Laser interferometry is the preferred method currently used by National Metrology Institutes for primary calibration of
accelerometers. Highly accurate calibrations require well controlled environmental conditions. Laboratories usually
focus on the control of ambient air temperature and humidity. Another important source of influence is the vibration
exciter, which besides uniaxial motion can generate undesirable secondary effects. This paper will treat the problem of
differential heating of an accelerometer under calibration, when caused by a rise in temperature of the vibrator moving
element. A simple device used to evaluate the change in the charge sensitivity of an accelerometer due to heating through
its mounting base is presented. The sensitivity to differential heating can then be determined by the use of accurate
interferometric methods. The knowledge of this sensitivity enables the calibration laboratory to correct the calibration
results obtained with vibration exciters, which exhibit significant temperature variations. For instance, some commercial
models can present variations higher than 20 °C, when the Bessel function J1 minimum-point method is applied. The
experimental setup, which has been developed at INMETRO to evaluate this characteristic is described and some
measurement results are presented.
This paper presents an automated accelerometer calibration system based on an homodyne quadrature interferometer. The vibration exciter and the interferometer are mounted on separate seismic blocks. To minimize the influence of low frequency noise due to the relative movement between the blocks, a high-pass recursive moving average filtering algorithm is implemented. The vibration and the measuring system are fully synchronized. A flexible setting of the acquisition rate is used to improve the computational efficiency and allow the calibration at any desired frequency within the frequency range from 10 Hz to 10 kHz. The theory of the method is briefly described. The experimental set-up is presented and some results are given.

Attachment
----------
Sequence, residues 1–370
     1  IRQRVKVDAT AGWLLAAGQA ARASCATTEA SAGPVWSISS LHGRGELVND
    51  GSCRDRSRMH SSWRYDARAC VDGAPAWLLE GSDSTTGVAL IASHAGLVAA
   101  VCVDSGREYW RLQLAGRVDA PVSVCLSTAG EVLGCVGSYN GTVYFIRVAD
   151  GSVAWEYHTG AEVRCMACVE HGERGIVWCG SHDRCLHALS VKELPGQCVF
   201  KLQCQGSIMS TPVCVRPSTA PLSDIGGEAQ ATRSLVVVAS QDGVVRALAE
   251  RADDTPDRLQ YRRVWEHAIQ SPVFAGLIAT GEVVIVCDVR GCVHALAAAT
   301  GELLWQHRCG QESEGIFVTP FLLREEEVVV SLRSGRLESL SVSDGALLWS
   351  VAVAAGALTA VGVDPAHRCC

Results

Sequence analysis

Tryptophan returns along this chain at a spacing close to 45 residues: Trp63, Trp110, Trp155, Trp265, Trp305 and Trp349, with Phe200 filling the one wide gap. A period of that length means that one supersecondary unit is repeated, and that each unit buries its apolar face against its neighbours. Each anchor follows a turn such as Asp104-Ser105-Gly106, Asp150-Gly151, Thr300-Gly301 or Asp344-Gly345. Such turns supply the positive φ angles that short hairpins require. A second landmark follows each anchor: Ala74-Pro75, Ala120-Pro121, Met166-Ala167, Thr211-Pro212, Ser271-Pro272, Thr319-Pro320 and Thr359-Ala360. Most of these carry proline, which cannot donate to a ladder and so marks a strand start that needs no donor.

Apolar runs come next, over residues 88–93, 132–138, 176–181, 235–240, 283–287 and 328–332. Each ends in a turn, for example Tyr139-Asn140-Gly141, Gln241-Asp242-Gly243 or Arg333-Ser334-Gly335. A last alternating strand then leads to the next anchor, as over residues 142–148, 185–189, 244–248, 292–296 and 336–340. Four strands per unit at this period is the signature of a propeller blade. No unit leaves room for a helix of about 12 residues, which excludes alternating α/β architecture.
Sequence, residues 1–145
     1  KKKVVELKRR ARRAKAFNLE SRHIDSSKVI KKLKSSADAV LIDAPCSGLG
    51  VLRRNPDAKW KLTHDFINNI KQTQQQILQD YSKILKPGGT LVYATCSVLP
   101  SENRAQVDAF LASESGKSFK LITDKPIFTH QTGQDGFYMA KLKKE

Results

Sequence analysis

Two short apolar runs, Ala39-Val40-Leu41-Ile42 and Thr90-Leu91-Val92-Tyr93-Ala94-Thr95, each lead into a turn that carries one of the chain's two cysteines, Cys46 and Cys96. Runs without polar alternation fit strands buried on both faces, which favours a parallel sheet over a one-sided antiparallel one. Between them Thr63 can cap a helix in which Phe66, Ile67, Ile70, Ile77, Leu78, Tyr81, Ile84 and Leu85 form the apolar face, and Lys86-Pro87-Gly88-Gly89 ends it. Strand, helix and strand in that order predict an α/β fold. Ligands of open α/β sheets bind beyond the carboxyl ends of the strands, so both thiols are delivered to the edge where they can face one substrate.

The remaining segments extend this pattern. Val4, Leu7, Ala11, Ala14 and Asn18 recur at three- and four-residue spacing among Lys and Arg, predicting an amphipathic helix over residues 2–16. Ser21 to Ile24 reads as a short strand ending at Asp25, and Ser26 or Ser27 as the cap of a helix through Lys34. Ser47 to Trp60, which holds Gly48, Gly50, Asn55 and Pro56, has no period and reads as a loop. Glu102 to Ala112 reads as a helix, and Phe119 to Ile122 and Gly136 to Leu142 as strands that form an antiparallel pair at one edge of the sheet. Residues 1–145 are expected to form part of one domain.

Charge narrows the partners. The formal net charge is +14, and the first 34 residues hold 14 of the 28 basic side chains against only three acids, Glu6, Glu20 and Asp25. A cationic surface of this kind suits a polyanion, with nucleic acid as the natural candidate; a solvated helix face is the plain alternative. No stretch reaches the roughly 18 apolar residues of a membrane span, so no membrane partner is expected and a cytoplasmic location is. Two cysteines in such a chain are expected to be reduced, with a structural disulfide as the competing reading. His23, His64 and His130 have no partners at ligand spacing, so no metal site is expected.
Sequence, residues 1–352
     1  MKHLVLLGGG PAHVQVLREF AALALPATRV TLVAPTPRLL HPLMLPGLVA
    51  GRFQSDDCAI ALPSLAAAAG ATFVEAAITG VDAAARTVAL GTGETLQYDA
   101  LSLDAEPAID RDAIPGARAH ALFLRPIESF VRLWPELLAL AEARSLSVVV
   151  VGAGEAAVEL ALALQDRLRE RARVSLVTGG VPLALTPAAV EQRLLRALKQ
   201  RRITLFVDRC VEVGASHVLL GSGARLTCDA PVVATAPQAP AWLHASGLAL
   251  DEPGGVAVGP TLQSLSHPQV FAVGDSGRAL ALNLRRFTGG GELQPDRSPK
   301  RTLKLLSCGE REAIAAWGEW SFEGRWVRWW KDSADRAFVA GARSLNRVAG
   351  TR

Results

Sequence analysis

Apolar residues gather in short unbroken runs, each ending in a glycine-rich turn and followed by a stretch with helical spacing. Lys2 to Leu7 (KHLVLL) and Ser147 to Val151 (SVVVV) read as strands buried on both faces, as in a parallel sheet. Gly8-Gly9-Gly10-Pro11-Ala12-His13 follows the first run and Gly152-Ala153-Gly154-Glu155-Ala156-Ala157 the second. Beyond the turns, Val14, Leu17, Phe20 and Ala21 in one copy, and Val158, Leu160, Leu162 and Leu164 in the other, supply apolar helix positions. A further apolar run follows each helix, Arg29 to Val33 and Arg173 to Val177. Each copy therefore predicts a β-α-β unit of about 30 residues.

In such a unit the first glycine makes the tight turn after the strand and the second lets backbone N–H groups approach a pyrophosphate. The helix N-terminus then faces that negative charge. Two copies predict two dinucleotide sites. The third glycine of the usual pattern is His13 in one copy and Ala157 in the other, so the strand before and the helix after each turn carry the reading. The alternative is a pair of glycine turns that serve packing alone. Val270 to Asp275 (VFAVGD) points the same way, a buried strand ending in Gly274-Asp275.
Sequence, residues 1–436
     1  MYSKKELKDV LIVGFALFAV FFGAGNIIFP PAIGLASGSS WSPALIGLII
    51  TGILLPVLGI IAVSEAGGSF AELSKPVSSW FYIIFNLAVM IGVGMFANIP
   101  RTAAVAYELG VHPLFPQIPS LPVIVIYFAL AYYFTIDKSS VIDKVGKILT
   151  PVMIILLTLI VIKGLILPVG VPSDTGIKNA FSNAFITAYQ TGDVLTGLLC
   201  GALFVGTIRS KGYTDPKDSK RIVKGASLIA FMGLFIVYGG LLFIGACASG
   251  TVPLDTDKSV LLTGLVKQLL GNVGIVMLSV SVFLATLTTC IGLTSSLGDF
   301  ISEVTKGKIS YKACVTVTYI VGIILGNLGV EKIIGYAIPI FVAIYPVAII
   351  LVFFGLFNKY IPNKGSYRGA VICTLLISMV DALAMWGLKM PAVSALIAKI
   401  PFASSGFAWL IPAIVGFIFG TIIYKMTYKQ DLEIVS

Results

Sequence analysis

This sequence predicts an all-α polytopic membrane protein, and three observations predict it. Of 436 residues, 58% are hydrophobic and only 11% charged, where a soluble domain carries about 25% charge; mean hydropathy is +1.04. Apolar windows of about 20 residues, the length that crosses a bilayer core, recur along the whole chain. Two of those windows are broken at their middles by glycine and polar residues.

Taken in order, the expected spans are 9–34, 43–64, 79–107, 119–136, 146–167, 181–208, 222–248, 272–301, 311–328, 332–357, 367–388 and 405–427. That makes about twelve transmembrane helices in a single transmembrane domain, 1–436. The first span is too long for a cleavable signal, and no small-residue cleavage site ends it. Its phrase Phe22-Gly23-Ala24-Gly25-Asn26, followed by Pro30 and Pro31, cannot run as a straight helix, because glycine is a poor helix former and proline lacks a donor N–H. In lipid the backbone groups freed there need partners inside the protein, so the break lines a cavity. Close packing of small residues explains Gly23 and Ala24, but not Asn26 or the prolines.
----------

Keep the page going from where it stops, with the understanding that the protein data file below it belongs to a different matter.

This paper deals with some basic problems of interferometric length measurements. Traditionally, all the deformations of a material artifacts, associated with the wringing procedure, were included into the length of a block, as there were no reliable ways to measure these deformations and to apply the corresponding corrections. Here, we present the first measurements of the surface texture deformations, arising in the wringing contact between the two gauging surfaces of similar materials and surface finish. The deformation value is obtained as a result of the measurements of the peak-to-peak length value of a free, unperturbed block and of the mechanical length of the block, which is obtained with the reproducible wiring technique and the slave-block method. Basically new concept for the optical length metrology - the physical length of a free artifact has been introduced in to the measuring practice. The way for crucial improvement of the realization of the SI length unit in the corresponding range has been outlined.
Deceleration of an atomic beam of calcium was achieved by using the radiation of a frequency double diode laser at 845.2 nm. In order to enhance the violet beam generation the doubling crystal, KNbO3, is placed inside an external build-up cavity. The laser beam at 423 nm, counter- propagating with the atomic beam, is put into resonance with the 1S0 yields 1P1 transition of Ca. To keep the laser in resonance with the atomic transition during the cooling process, the Zeeman technique is used.